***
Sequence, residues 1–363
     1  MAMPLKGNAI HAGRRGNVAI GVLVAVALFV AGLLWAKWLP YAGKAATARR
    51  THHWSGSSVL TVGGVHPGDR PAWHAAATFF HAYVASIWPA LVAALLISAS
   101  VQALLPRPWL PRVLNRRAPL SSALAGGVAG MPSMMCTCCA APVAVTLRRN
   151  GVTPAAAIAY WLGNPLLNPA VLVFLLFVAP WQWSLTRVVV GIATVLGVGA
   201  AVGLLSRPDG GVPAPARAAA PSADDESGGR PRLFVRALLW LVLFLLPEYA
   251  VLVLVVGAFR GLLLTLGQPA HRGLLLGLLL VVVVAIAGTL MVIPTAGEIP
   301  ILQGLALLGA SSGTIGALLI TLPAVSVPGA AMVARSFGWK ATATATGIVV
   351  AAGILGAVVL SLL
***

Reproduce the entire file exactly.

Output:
Sequence, residues 1–363
     1  MAMPLKGNAI HAGRRGNVAI GVLVAVALFV AGLLWAKWLP YAGKAATARR
    51  THHWSGSSVL TVGGVHPGDR PAWHAAATFF HAYVASIWPA LVAALLISAS
   101  VQALLPRPWL PRVLNRRAPL SSALAGGVAG MPSMMCTCCA APVAVTLRRN
   151  GVTPAAAIAY WLGNPLLNPA VLVFLLFVAP WQWSLTRVVV GIATVLGVGA
   201  AVGLLSRPDG GVPAPARAAA PSADDESGGR PRLFVRALLW LVLFLLPEYA
   251  VLVLVVGAFR GLLLTLGQPA HRGLLLGLLL VVVVAIAGTL MVIPTAGEIP
   301  ILQGLALLGA SSGTIGALLI TLPAVSVPGA AMVARSFGWK ATATATGIVV
   351  AAGILGAVVL SLL